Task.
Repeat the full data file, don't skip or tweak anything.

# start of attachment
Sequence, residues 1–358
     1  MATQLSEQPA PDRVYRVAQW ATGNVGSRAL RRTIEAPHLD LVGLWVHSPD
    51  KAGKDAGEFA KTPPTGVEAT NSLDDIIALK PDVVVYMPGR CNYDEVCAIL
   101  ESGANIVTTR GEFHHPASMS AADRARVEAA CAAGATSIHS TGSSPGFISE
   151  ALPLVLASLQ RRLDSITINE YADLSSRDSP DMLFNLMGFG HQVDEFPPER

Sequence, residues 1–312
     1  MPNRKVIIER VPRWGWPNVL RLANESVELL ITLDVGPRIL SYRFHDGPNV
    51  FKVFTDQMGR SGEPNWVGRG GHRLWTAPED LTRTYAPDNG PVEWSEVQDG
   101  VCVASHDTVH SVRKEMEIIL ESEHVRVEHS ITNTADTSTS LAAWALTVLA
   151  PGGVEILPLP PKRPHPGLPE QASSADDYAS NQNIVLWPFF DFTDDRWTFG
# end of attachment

Sequence, residues 1–358
     1  MATQLSEQPA PDRVYRVAQW ATGNVGSRAL RRTIEAPHLD LVGLWVHSPD
    51  KAGKDAGEFA KTPPTGVEAT NSLDDIIALK PDVVVYMPGR CNYDEVCAIL
   101  ESGANIVTTR GEFHHPASMS AADRARVEAA CAAGATSIHS TGSSPGFISE
   151  ALPLVLASLQ RRLDSITINE YADLSSRDSP DMLFNLMGFG HQVDEFPPER

Sequence, residues 1–312
     1  MPNRKVIIER VPRWGWPNVL RLANESVELL ITLDVGPRIL SYRFHDGPNV
    51  FKVFTDQMGR SGEPNWVGRG GHRLWTAPED LTRTYAPDNG PVEWSEVQDG
   101  VCVASHDTVH SVRKEMEIIL ESEHVRVEHS ITNTADTSTS LAAWALTVLA
   151  PGGVEILPLP PKRPHPGLPE QASSADDYAS NQNIVLWPFF DFTDDRWTFG